“You don’t lose hope, love. If you lose hope, you lose everything.” – Mrs Potts , Belle’s Magical World
ALS Awareness month comes to a close today, but patients, caregivers and loved ones of those with ALS continue to live with the physical and emotional effects of the disease. August will mark two years since Ben left this world, free from his struggle with the disease. I want to conclude this month by offering this wisdom from Mrs. Potts of Beauty and the Beast fame.
I have written often about Ben’s bravery and persistence. It has taken me a long time to come to understand that I was brave in a different way. And, I can honestly say that hope played a tremendous part in our lives. There was hope that things would get better and we would find innovative ways to help him eat, use his electronics, and maintain a good quality of life. There was hope that the next day would be less stressful. There was hope that each day would have some smiles and laughs. There was hope that I would remain patient. There was hope that Ben would accept that his needs were increasing. There was hope that he would have more time. There was hope that the disease would progress slowly. There was hope that he would transition peacefully.
Was it naïve to hope? Was it like my tossing coins in Cinderella’s Wishing Well? I don’t think so. To wish is to hope, and I have often written about wishes on this blog. Hope allowed me to reach for optimism. It allowed me to see the positive things, even if the big picture was not good. It allowed me to recognize and be relieved and content that one day was better than the prior one, not because the ALS was getting better or going away, but maybe because we were in better moods or successfully solved a problem. Hope allowed me to fantasize in a healthy way, remembering wonderful times and trying to recreate those and create new ones. It allowed me to be a creative thinker. It allowed me to smile, even through tears.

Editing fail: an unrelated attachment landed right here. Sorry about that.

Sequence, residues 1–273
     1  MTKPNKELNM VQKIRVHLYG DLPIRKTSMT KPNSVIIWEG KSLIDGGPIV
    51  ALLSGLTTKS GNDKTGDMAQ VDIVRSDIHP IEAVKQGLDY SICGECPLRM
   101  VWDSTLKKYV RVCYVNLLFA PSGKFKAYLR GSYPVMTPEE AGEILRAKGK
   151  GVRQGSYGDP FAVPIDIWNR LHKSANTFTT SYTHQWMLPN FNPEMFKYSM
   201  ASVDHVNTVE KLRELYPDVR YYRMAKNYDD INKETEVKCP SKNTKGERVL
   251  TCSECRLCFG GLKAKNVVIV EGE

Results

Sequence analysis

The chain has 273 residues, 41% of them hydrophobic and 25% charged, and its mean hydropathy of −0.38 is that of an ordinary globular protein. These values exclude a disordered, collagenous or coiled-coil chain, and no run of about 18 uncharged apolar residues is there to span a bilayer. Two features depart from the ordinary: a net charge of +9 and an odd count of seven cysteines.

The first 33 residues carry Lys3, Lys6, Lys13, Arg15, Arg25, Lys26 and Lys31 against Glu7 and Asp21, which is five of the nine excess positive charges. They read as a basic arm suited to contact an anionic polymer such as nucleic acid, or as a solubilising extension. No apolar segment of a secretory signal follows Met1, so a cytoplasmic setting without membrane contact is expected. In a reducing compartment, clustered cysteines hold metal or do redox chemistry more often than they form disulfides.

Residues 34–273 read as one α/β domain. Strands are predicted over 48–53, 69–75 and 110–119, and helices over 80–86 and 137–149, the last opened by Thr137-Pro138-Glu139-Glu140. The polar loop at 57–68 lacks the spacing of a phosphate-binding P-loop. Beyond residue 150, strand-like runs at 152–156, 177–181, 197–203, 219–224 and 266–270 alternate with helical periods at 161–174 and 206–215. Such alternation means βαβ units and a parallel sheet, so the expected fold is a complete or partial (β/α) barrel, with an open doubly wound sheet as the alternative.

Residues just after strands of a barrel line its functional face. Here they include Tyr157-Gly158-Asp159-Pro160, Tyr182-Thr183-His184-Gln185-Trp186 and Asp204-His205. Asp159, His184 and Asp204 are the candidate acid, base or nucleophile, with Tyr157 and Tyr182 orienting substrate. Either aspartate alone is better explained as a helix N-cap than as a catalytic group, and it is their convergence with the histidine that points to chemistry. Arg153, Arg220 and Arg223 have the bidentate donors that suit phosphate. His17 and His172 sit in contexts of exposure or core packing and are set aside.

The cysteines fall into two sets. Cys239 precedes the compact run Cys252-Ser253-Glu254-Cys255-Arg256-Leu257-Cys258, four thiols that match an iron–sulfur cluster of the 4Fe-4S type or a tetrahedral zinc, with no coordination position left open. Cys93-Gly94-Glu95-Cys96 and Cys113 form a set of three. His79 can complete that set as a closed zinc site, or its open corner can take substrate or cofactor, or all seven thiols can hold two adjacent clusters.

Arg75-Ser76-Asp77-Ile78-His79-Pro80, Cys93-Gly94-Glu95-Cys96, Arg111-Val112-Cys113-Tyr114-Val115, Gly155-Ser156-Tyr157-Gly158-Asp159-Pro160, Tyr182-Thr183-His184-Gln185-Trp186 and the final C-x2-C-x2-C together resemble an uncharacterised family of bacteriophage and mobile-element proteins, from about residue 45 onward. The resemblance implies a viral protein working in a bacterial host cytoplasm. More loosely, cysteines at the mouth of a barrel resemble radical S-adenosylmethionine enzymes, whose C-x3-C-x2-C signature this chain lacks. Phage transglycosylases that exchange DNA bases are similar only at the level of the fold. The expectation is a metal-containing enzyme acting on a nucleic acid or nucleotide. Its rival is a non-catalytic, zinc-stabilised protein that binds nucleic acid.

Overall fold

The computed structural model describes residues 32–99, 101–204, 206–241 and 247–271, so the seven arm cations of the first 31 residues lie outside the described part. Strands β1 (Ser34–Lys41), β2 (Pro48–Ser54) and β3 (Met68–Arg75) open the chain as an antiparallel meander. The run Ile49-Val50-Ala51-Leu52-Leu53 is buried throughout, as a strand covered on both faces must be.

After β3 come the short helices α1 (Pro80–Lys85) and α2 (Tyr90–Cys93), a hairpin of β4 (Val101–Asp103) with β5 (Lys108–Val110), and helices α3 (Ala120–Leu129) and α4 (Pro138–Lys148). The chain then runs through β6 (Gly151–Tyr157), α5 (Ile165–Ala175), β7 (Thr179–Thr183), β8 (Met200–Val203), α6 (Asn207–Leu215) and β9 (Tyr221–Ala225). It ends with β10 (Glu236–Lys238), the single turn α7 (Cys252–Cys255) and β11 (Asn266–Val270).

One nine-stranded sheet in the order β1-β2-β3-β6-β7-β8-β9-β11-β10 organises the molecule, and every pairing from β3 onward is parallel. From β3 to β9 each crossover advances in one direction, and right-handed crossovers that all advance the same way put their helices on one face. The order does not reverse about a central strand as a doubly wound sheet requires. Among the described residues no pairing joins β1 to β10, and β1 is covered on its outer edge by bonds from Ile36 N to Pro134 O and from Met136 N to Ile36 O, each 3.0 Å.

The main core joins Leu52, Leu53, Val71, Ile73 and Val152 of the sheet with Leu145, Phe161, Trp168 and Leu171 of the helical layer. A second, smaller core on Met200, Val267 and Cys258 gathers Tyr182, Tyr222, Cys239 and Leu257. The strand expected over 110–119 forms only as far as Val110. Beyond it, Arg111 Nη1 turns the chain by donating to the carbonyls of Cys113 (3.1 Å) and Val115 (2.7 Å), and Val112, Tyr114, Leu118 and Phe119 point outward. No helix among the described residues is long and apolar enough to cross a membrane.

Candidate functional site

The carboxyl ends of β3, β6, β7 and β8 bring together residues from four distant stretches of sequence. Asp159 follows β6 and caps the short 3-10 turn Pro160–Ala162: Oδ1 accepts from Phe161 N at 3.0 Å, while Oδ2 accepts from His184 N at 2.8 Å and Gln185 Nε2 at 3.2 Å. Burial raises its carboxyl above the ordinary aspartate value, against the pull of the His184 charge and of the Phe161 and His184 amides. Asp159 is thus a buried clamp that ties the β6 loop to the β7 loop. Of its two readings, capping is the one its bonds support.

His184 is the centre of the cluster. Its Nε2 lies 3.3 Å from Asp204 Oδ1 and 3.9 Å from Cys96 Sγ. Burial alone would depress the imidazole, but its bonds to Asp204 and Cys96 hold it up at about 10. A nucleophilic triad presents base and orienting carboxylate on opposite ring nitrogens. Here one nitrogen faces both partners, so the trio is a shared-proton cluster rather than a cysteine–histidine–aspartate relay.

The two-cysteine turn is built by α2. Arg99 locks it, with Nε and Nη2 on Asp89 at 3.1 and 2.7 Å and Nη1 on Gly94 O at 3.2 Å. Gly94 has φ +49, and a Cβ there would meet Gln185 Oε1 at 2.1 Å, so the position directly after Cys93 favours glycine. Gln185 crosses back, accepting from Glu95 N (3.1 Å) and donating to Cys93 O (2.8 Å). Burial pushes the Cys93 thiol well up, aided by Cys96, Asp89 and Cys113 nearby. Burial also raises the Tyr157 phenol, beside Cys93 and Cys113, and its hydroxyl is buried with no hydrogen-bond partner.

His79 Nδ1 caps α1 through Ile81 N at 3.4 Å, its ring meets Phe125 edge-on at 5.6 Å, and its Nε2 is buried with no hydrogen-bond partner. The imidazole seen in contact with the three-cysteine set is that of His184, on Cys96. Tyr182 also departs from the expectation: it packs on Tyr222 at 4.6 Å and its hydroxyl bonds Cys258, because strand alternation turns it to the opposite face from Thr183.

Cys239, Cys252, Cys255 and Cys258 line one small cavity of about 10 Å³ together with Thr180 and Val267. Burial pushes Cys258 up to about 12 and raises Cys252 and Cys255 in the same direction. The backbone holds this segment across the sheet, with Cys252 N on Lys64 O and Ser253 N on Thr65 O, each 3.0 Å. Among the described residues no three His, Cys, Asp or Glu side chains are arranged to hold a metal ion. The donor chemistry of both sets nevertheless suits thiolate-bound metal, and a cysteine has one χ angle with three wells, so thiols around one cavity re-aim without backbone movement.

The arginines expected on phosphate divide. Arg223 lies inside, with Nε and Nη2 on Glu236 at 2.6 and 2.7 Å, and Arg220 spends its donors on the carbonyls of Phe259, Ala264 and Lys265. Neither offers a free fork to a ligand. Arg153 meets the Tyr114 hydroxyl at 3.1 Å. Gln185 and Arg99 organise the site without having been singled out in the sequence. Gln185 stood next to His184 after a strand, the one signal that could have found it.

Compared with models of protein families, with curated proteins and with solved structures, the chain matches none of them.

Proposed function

Hope was my pixie dust. Because I had hope, I was able to open my mind to finding ways to help Ben and to help myself. Hoping beyond hope that Ben would transition peacefully gave me the mindset to work towards making that happen. Love let me cope with the moments when hope was waning.
Hope also has helped me get through grief. It has allowed me to envision a positive future without Ben but with love. It allows me to seek opportunities to help others who are dealing with ALS.
I still have hope and I do make wishes. I hope that I always honor Ben’s memory in a way that he would appreciate. I hope that my blog and interactions with people affected by ALS will help and comfort them. I hope that I will find love again. I hope beyond measure that a cure will be found for this horrible disease.
In a way, hope is a gift, because it allows you to escape some harsh realities. I hope that all of my readers who are affected by ALS will find ways that inspire you to be hopeful and to see past the dark clouds to clear your mind, if only temporarily. There are reasons to be hopeful as we look at the research being done. There is also hope for comfort and the future as we look at the communities and forums of supportive and caring people that connect us because we share a deep bond of understanding and empathy.
Yes, ALS Awareness Month is ending. But, I hope that the determination never wanes to continue to raise awareness of ALS and the brave battles fought by people like my Ben.
I agree with Mrs. Potts. If you lose hope, you lose everything.